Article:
FIRST, analyze a paragraph written by Mrs. Gillmore proving one theme in Ernest Lawrence Thayer's poem "Casey at the Bat."
- Develop a thematic topic sentence.
- Provide three chunks to support the thesis.
- Introduce evidence with signal phrases and support with commentary.
- Conclude with a concluding sentence.
"Casey at the Bat" is a poem that demonstrates that the mob mentality lies within us all.
Poet Ernest Lawrence Thayer initiates the mob in stanza nine as "from the benches, black with people, there went up a muffled roar." The noise, the "muffled roar" symbolizes the increased emotions of the crowd, who is pictured as "black," a color often associated with negative connotations. These people are no longer moms, dads, aunts, uncles, friends. United, they begin the move to resistance.
The mob's emotions then intensifies as Thayer writes, "Kill him! Kill the umpire!".../And it's likely they'd akilled him had not Casey raised his hand." First, one has to note that Casey has been promoted to dictator status, with all his power residing in that one hand gesture, that simple raise of the hand. Oh, the power he has. Growing in intensity, this crowd is no longer muffled as the words "kill" are clearly heard by all, illustrating the growing twisted thoughts of the crowd who are now angry at the umpire, the umpire who simply does his job.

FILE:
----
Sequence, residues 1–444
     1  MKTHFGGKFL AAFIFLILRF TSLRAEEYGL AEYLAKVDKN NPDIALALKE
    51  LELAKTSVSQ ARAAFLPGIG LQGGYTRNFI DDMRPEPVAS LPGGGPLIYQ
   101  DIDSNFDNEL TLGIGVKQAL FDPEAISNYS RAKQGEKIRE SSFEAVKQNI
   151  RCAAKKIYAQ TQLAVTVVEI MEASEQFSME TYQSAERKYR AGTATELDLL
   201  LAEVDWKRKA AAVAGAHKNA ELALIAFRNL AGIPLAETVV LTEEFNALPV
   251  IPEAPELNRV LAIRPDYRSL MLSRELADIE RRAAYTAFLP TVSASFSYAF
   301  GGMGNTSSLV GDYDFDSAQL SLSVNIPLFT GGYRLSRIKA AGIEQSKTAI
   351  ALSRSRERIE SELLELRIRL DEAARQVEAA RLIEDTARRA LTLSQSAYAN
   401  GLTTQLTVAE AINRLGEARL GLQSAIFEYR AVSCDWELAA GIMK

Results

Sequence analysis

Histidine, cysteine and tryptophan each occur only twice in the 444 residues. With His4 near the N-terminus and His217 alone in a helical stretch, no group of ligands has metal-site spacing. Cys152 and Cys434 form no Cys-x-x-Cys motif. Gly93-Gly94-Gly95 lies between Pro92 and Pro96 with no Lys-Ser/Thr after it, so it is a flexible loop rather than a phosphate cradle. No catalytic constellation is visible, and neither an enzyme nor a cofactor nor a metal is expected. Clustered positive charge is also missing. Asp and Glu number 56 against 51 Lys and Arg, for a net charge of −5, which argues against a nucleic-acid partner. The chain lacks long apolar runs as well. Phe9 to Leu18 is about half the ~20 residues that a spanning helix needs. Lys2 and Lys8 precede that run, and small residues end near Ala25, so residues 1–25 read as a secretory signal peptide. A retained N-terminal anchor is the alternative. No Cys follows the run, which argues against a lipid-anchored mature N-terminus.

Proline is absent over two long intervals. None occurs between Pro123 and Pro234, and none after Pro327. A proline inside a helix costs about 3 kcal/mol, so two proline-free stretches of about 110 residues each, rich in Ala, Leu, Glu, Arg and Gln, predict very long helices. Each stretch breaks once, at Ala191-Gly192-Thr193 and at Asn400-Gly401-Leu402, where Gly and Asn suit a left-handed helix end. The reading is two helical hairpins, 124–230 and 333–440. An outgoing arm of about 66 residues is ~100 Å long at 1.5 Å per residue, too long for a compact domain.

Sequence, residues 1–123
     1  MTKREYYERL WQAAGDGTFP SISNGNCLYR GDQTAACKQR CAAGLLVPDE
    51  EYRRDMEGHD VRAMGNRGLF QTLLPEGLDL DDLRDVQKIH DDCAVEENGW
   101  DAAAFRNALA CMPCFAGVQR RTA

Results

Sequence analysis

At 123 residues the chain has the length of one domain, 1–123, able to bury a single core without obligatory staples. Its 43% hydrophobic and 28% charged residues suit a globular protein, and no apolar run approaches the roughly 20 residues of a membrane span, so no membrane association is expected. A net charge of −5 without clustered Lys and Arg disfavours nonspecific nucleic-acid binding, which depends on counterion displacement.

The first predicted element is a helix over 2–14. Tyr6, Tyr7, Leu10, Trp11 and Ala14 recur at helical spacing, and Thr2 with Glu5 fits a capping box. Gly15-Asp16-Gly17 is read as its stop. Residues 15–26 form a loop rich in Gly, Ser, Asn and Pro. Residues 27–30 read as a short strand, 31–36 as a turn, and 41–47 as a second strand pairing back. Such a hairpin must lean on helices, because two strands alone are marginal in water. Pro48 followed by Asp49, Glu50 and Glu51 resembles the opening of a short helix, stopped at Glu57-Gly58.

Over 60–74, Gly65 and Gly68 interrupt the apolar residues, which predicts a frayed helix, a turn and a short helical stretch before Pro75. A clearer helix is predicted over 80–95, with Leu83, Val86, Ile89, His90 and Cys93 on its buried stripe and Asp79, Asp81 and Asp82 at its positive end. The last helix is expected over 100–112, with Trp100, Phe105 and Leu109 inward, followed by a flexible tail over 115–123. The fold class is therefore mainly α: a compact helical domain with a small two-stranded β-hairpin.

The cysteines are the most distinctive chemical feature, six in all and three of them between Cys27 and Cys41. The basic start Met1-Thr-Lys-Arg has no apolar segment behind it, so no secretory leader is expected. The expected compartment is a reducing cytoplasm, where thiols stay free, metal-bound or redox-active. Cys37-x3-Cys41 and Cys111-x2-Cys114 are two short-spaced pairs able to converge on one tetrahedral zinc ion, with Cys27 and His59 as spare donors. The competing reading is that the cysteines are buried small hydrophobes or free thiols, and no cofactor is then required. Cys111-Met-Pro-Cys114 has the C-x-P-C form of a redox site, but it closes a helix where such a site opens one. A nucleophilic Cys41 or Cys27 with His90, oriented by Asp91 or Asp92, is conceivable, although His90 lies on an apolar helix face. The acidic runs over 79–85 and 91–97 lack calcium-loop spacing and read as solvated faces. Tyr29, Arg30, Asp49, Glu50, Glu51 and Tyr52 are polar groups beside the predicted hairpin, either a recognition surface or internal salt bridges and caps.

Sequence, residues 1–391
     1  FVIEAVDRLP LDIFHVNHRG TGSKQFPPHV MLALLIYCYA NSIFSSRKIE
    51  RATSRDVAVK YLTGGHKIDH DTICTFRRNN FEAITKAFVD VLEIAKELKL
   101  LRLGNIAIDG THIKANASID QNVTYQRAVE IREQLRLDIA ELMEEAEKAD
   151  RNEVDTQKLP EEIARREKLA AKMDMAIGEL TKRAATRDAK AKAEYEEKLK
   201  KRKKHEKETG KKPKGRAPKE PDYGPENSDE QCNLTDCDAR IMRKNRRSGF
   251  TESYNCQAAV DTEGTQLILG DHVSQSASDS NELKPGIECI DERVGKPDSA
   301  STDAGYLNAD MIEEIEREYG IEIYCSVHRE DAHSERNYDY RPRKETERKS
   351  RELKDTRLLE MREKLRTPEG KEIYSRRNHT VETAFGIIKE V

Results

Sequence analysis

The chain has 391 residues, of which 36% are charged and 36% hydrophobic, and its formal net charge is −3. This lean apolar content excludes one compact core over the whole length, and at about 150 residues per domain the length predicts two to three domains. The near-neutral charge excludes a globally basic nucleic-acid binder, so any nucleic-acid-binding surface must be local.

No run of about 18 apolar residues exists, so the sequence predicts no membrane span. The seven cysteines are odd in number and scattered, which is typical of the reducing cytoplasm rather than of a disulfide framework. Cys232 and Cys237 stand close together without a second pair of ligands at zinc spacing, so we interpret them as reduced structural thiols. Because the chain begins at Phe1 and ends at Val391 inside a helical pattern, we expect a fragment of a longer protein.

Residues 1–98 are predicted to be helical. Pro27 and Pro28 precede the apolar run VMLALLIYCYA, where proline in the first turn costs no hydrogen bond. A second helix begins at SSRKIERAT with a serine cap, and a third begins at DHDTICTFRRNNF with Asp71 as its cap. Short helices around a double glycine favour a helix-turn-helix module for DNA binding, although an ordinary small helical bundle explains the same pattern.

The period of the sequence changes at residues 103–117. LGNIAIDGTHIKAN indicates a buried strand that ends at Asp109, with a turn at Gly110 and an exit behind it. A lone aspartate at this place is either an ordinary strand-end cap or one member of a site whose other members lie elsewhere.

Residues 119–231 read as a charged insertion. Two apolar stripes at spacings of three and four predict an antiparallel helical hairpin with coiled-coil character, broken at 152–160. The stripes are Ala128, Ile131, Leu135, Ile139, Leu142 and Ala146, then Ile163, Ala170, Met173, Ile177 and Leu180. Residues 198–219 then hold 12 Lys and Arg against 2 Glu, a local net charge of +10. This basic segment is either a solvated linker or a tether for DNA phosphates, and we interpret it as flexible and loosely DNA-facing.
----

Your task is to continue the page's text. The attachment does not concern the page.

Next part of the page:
Illustrating the completeness of the mob's mental status, poet Thayer assists this as the reader hears, "Fraud!" cried the maddened thousands" as Casey "pounds with cruel violence his bat upon the plate." The crowd has gone completely mad, having lost their ability to reason, having lost their humanity, becoming a pack of animals ready to follow the alpha dog to "violence."
Thus, this poem takes the reader from a crowd of fans to a pack of animals, truly supporting the theme that within us all lie that mob mentality.